Press TV – American Customs and Border Protection (CBP) agents have detained and deported yet another Iranian student, who had a valid visa to enter the United States.
Alireza Yazdani, 27, who had planned to continue his studies at Michigan State University, was on a flight leaving Detroit Metro Airport on Monday, a day after he was detained and questioned by CBP authorities, his attorneys said.
The PHD student flew into Detroit Sunday to continue his studies in an agricultural sciences doctoral program at Michigan State, his attorney Bradley Maze said.
He had been admitted to the program in September and the US government issued him a student visa earlier this month, Maze said.
In a statement, CBP said Yazdani applied for entry into the United States on Sunday, “and was later deemed inadmissible at which time he withdrew his application for admission into the United State.”
Yazdani told his attorneys he “eventually gave up” after facing more than six hours of questioning.
Maze described the CBP’s reasons for denying his client entry as “spurious,” but said the aggressive questioning left Yazdani feeling he had no choice.
A spokeswoman for Michigan State said Monday evening that the university had been working for the past 24 hours with federal agencies, members of the Michigan congressional delegation and the student’s lawyer “to help through this difficult situation,” and is committed to welcoming international students.
Yazdani’s depotation comes a week after another Iranian who’d arrived with a student visa was detained at Boston’s Logan International Airport.
Mohammad Shahab Dehghani Hossein Abadi was deported in spite of a federal court order to delay his removal.
His removal drew widespread attention and criticism from immigrant rights advocates, who said they are concerned that students are being targeted as tensions mount between the United States and Iran.
On Saturday, a report by The New York Times said that at least 16 Iranian students have been turned away at US airports since August, despite having valid visas, which they had obtained after a notoriously grueling, months-long vetting process.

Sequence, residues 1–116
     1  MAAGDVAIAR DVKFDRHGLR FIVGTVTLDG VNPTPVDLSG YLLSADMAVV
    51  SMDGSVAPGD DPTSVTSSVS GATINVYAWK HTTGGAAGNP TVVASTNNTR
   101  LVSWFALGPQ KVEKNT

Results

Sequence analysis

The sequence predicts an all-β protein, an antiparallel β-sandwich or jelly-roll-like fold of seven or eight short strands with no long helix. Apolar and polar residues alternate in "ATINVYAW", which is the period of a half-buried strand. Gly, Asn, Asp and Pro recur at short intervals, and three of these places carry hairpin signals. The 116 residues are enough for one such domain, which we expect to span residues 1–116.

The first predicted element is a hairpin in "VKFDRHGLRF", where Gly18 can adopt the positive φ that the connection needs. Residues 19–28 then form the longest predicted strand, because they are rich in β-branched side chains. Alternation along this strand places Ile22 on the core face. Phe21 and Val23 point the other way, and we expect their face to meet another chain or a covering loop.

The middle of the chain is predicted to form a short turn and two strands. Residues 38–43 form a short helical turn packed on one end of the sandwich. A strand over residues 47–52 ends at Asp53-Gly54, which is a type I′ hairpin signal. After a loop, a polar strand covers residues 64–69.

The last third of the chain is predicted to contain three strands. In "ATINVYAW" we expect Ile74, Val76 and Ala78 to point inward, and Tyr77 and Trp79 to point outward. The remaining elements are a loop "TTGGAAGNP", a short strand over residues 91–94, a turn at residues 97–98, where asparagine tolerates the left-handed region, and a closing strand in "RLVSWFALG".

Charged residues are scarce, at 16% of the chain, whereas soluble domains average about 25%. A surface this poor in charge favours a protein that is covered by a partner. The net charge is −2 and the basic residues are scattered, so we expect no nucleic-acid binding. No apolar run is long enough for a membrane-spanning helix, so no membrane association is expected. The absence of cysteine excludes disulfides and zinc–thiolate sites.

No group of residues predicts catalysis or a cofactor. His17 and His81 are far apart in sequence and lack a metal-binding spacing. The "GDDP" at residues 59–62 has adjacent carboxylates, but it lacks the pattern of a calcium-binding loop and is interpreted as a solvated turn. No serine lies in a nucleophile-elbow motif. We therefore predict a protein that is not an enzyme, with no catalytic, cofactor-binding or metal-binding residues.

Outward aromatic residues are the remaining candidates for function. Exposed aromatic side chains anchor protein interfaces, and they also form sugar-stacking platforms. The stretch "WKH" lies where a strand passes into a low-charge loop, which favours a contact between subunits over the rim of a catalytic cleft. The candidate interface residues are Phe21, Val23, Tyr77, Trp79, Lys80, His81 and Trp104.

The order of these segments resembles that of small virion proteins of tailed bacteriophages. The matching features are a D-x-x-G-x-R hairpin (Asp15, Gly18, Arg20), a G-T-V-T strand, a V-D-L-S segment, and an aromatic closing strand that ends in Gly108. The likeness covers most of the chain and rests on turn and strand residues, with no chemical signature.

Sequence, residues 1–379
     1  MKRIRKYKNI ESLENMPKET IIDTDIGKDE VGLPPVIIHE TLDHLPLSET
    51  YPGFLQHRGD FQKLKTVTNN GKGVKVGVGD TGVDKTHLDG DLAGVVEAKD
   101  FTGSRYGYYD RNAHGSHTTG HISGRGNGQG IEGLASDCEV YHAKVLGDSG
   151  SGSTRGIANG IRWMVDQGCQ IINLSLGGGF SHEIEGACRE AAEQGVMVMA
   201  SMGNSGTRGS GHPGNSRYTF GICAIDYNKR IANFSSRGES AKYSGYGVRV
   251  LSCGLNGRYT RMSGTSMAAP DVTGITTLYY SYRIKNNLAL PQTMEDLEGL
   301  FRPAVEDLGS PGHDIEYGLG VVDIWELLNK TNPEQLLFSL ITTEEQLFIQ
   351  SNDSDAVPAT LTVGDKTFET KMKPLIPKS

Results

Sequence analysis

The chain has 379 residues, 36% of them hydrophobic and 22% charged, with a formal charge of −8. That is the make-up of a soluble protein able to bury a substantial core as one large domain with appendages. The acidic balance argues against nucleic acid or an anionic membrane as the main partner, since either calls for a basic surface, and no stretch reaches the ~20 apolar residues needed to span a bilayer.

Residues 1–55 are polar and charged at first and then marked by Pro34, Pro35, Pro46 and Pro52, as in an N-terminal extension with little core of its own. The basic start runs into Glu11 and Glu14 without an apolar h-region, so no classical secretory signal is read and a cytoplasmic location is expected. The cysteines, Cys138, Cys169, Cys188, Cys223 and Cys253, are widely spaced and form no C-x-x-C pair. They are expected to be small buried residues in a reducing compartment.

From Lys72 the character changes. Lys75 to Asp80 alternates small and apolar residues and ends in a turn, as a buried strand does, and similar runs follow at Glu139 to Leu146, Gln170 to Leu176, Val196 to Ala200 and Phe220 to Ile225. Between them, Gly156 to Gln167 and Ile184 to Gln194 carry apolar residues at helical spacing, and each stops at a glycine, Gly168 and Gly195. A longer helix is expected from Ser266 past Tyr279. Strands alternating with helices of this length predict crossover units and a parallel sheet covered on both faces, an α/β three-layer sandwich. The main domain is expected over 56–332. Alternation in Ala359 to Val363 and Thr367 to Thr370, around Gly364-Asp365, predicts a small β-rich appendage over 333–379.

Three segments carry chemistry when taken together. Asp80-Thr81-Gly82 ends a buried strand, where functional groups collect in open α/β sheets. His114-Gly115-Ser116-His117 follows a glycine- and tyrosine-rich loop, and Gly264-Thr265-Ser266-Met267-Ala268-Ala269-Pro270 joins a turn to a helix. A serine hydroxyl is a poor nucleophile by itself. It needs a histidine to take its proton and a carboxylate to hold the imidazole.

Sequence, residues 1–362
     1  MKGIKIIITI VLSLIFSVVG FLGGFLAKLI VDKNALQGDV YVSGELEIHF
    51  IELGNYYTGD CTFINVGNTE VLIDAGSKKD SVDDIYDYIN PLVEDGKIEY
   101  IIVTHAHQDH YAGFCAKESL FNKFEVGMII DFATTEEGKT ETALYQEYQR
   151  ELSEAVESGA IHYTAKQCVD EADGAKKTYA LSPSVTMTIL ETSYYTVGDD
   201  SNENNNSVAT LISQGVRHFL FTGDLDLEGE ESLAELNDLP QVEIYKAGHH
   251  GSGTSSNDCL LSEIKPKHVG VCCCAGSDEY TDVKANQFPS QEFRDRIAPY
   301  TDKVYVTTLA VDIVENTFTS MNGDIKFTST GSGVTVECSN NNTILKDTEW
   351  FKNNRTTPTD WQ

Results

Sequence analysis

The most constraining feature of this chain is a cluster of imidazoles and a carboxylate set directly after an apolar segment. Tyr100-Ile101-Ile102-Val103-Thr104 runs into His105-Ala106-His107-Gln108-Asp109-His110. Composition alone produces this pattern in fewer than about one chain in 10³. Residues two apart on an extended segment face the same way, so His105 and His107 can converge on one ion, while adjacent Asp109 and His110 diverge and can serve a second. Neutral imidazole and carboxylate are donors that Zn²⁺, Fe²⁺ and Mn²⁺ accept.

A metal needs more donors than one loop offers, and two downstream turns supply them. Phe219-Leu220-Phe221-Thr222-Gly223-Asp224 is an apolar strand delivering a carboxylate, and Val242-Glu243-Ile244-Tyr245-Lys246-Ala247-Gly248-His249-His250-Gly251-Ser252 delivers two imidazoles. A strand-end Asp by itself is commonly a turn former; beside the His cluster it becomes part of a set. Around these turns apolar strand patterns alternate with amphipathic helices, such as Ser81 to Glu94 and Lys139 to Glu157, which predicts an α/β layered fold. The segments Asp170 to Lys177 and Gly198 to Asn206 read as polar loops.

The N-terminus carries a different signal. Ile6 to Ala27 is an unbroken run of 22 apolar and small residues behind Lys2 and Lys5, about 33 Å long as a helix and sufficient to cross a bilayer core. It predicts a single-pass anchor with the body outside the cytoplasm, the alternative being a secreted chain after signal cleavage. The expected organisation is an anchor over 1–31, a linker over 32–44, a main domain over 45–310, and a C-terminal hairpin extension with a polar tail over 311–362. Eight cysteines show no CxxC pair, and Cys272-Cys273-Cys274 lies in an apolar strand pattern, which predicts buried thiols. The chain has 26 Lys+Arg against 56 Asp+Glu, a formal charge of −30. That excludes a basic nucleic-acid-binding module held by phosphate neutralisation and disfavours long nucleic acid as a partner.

The paper published interviews with some of them, who recounted harrowing ordeals of detention at US airports.
Most of them said they were not told why they were deemed “inadmissible” — a broad label that customs officers have wide discretion to apply.
“What the students do know is that, at a time of rising diplomatic tensions between the United States and Iran, their plans for the future seem to have evaporated,” the paper said.
Earlier, Canadian news agency CBC revealed that US border officers had been instructed to target and interrogate Iranian-born travelers.
The revelation followed reports that up to 200 people of Iranian descent travelling from Canada were detained and questioned for hours at multiple Canada-US border crossings during the weekend of Jan. 4 after the US assassinated a senior Iranian military commander.
Reacting to the developments on Saturday, Iranian Foreign Ministry denounced in a statement the “unconstitutional and inhuman” treatment of travelers of Iranian descent by US border guards, saying the American government holds responsibility for the harassment.
“Such highly discriminatory practices against people, purely because of their race, nationality, or religion, are wholly rejected in terms of international human rights laws and practices, and the US government is responsible for them,” Foreign Ministry spokesman Abbas Mousavi said.